We know how anti-vaccine folks think.
And now we know how they do their research…
How Anti-Vaccine Folks Research Disease
If you’re like me, you are probably wondering why they picked 2016 as the year to research.
And, there you see it.
In the past 6 years, 2016 was the year with the fewest cases of measles. Why not choose 2017 or 2018 to do their research?
But let’s look at 2016, even though the information isn’t complete:
- 86 cases
- cases in 19 states, including Alabama, Arizona, California, Colorado, Connecticut, Florida, Georgia, Hawaii, Illinois, Massachusetts, Michigan, Minnesota, New York, North Carolina, Oregon, Tennessee, Texas, and Utah
- a large outbreak in Arizona (31 cases) linked to a private detention center and all that is known is that 7 of 9 staff members who got measles had received at least one dose of MMR, and 3 had received their dose very recently
- a large outbreak in Shelby County, Tennessee, at least 7 cases, including 6 unvaccinated and one partially vaccinated child
- a large measles outbreak (17 cases) in Los Angeles County and Santa Barbara County that was linked to the Los Angeles Orthodox Jewish community
- two cases in Colorado, including an unvaccinated toddler and an unvaccinated adult – outbreaks which cost at least $68,192 to control
And of th cases in 2016, it seems that just 16% were vaccinated.
What about the claim that 26% were vaccinated?
That wasn’t 26% of the total number of cases, but rather 26% of the cases among US residents.
So if you do the math, that’s just 14 cases that were vaccinated, and out of 86 cases, that’s really just 16%. And a lot of those cases are skewed by the one outbreak at the detention center, in which they may have only received one dose of MMR and nearly half may have gotten vaccinated after the caught had already started!
What about the claim that “the odds of dying from the measles are like 0.00000013%” using numbers “before the vaccine was introduced in 1963?”
“Before a vaccine became available in 1963, measles was a rite of passage among American children. A red rash would spread over their bodies. They would develop a high fever. Severe cases could cause blindness or brain damage, or even death.”CDC says measles almost eliminated in U.S.
And looking at statistics of reported measles cases and reported measles deaths, we know that death occurred in about 1 to 3 in every 1,000 reported cases.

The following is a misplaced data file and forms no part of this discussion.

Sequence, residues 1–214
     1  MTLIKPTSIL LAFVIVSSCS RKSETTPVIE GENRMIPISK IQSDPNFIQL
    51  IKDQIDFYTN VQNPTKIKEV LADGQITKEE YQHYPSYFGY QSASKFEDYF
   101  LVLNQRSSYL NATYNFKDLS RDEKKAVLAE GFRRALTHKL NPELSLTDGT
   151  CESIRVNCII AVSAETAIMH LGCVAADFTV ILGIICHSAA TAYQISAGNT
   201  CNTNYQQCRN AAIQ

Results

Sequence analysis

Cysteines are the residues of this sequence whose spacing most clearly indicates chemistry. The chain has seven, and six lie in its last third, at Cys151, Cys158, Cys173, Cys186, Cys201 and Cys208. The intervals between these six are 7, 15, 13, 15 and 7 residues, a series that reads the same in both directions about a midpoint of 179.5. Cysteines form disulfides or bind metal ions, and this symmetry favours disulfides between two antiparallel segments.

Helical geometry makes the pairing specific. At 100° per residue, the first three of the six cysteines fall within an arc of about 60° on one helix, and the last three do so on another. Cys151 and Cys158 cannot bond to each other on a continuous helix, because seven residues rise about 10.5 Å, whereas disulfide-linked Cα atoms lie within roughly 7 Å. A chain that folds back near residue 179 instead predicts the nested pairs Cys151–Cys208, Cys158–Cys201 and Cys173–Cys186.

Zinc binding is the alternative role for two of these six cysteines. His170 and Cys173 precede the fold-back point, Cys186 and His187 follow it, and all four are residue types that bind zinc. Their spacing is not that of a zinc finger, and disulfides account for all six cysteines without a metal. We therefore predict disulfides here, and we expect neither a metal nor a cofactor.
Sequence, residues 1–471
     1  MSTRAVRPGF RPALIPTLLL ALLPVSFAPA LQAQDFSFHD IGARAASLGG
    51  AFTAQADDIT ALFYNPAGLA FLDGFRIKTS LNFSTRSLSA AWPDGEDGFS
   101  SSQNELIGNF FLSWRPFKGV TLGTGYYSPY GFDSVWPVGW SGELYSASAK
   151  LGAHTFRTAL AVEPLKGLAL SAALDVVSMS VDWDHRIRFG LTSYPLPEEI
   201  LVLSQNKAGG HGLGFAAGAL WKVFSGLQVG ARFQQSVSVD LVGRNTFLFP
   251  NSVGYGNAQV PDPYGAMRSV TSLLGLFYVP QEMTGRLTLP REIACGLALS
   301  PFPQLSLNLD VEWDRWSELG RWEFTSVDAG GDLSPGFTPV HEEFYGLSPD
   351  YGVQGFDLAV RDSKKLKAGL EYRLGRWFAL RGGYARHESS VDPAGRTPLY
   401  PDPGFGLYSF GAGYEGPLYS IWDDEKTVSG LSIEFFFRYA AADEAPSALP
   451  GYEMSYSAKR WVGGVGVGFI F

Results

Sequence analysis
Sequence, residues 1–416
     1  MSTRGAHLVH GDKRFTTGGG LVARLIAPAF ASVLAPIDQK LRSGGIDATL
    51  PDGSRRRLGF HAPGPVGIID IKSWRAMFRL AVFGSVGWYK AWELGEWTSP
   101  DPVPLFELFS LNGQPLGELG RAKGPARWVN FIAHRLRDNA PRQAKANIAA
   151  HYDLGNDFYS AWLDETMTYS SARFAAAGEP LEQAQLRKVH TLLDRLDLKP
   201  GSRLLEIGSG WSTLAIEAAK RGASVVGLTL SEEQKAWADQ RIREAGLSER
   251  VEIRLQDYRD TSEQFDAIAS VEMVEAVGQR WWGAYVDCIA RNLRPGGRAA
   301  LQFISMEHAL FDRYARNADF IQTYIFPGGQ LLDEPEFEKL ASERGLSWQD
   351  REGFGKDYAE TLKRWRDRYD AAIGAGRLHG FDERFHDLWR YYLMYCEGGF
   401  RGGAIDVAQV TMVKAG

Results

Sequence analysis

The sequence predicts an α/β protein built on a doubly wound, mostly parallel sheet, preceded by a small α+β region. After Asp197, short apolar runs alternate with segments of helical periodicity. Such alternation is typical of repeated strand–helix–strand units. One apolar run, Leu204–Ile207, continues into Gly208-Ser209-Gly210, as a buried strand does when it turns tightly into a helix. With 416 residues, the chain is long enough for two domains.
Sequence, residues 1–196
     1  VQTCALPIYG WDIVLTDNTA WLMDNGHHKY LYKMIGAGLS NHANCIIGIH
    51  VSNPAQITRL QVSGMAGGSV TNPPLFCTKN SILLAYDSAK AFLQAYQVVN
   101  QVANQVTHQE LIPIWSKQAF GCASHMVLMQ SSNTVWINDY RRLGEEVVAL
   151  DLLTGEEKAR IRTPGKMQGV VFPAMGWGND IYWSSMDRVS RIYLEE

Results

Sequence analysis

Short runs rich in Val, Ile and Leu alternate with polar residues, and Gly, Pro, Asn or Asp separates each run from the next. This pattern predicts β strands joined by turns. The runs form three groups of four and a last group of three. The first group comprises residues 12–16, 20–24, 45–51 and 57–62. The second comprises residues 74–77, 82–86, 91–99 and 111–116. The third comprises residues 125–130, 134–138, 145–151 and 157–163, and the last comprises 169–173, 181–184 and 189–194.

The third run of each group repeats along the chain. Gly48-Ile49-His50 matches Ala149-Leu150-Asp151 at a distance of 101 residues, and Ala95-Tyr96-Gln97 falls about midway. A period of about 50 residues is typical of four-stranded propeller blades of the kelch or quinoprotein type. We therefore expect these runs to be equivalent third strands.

So everyone got measles, but not everyone survived having measles.
What about your odds of dying with measles now?
If you are fully vaccinated, then they are extremely low.
They are pretty low if you are unvaccinated too, in most cases, because you are benefiting from herd immunity and the fact that most folks around you are vaccinated, reducing your risk of being exposed to measles. Still, the risk is much higher than most anti-vaccine folks expect, because they often make the mistake of using the entire population of the United States in their calculations. They should instead just use the folks who are unvaccinated and susceptible, a much smaller number.
Want to increase your risk?
The odds aren’t in your favor to avoid measles if you are unvaccinated. Eventually, your luck might run out.
Starting to see the mistakes anti-vaccine folks make when they say they have done their research?
“How do they know how many people would have gotten measles and how many of them would have died?!?”
It’s not rocket science.
“We constructed a state-space model with population and immunisation coverage estimates and reported surveillance data to estimate annual national measles cases, distributed across age classes. We estimated deaths by applying age-specific and country-specific case-fatality ratios to estimated cases in each age-country class.”Simons et al on Assessment of the 2010 global measles mortality reduction goal: results from a model of surveillance data.
Unfortunately, after years of improvements, measles deaths increased in 2017. And they will continue to increase, as our risk of getting measles continues to increase if folks don’t get vaccinated and protected.
Lastly, why does it “sound like millions of people would have died without the measles vaccine?”
Maybe because millions of people died in previous years, before they were vaccinated and protected.
More on Researching Vaccine-Preventable Disease
- VAXOPEDIA – The 3 Components of Anti-Vaccine Propaganda
- VAXOPEDIA – Comparing Lightning Strikes to Measles Deaths
- VAXOPEDIA – What to Do If Your Child Is Exposed to Measles
- VAXOPEDIA – How Many People Die from Vaccine Preventable Diseases These Days?
- VAXOPEDIA – How Many People Die in the USA Every Year from Being Vaccinated?
- VAXOPEDIA – Who Dies with Measles?
- VAXOPEDIA – News on the Latest Measles Outbreaks of 2019
- Dr. Jay’s Magical Math
- Seriously, How Deadly Is Measles?
- Yes, California children are dying of measles. Today. It’s called SSPE. Andrew Wakefield, Del Bigtree, Polly Tommey, stop lying about it.
- Thanks, antivaccinationists. Thanks again for the measles.
- The myth of mild measles
- MMWR – Notes from the Field: Measles Outbreak at a United States Immigration and Customs Enforcement Facility ― Arizona, May–June 2016
- MMWR – Measles Outbreak of Unknown Source — Shelby County, Tennessee, April–May 2016
- MMWR – Public Health Economic Burden Associated with Two Single Measles Case Investigations — Colorado, 2016–2017
- CDC – Measles Data and Statistics (2016)
- MMWR – Progress Toward Regional Measles Elimination — Worldwide, 2000–2016
- Measles cases spike globally due to gaps in vaccination coverage
- Seriously, How Deadly Is Measles?
- CDC says measles almost eliminated in U.S. The Herald-Palladium. Saint Joseph, Michigan. Friday, September 3, 1999
- WHO – Measles vaccination has saved an estimated 17.1 million lives since 2000
- WHO – Measles cases spike globally due to gaps in vaccination coverage